LAUER: Which leads me well into this next question because I have talked to so many people over the last couple years, President Obama, who were huge supporters of yours back in 2008. And today they are not sure. I hear more and more that they're disappointed in you. That you aren't the transformational political figure that they hoped you would be. How does that make you feel when you hear that?
THE PRESIDENT: Oh I, you know I think this is the nature of being President. What's frustrated people is is that I have not been able to force Congress to implement every aspect of what I uh said in 2008. Well, it turns out uh that our Founders designed a system that makes it more difficult to bring about change than I would like sometimes. But what we have been able to do is move in the right direction. And what I'm going to just keep on doing is plodding away, very persistent. And, you know what? Uh, one of the things about being President is you get better as time goes on.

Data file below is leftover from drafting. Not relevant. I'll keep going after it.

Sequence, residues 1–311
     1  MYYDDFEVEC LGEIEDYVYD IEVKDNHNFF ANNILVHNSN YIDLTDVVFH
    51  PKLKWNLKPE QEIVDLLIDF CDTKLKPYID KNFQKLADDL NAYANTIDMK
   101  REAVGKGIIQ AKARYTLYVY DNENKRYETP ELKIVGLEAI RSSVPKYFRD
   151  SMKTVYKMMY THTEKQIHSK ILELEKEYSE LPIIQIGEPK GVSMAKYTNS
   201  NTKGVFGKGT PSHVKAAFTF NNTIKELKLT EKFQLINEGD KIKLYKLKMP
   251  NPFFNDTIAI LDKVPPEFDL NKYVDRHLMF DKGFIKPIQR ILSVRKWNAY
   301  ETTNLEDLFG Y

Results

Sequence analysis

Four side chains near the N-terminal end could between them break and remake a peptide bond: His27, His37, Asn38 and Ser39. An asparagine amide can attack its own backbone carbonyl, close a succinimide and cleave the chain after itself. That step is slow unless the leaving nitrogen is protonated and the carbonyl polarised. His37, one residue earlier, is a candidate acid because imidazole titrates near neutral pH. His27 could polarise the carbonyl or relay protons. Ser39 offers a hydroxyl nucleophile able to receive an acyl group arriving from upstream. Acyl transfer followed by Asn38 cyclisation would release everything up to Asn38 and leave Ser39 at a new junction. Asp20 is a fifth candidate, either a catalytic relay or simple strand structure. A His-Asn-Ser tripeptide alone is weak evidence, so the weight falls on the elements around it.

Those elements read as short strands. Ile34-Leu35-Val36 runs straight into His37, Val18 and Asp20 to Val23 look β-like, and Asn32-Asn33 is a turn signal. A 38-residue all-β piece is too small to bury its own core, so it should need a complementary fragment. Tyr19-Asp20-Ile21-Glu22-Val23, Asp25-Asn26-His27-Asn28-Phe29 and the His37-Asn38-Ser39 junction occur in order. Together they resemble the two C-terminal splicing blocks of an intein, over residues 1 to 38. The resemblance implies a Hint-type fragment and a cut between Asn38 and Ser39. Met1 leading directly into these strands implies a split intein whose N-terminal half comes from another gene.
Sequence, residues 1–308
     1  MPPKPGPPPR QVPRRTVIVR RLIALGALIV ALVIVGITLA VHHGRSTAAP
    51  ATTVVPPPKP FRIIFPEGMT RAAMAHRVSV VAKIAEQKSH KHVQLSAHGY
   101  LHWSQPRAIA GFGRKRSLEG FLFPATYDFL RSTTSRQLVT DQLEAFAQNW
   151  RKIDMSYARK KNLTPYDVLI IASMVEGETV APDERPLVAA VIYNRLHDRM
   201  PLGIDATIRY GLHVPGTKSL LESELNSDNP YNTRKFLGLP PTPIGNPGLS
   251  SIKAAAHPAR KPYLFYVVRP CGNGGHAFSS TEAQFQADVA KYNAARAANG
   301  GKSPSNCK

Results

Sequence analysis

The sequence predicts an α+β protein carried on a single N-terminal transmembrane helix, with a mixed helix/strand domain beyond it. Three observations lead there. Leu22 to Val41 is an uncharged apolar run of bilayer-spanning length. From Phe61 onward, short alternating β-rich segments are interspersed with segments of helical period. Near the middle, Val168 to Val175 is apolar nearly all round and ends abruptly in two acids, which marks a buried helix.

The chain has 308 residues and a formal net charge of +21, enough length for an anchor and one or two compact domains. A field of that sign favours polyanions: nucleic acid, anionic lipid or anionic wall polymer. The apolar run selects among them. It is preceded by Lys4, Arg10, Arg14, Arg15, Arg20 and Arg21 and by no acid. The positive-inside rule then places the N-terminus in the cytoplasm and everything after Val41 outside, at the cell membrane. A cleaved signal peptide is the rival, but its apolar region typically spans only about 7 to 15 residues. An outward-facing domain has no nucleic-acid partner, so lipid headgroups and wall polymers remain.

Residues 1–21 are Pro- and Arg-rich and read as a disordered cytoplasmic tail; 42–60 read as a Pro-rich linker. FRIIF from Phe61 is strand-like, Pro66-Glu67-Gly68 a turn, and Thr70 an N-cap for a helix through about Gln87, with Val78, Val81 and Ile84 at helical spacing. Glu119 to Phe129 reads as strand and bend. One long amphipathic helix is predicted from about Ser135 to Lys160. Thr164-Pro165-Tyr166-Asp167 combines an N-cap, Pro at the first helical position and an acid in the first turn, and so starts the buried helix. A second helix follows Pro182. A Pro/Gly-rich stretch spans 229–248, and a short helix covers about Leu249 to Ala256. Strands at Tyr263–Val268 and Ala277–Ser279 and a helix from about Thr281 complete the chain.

LAUER: Why though should a voter look and say, look he wasn't able to fix Washington, which is a big job for any one man. Perhaps there's more gridlock and more divisiveness in Washington now than there ever has been in the past. Why will he be able to do it in the next four years, and if he can't do it, isn't nothing going to get done?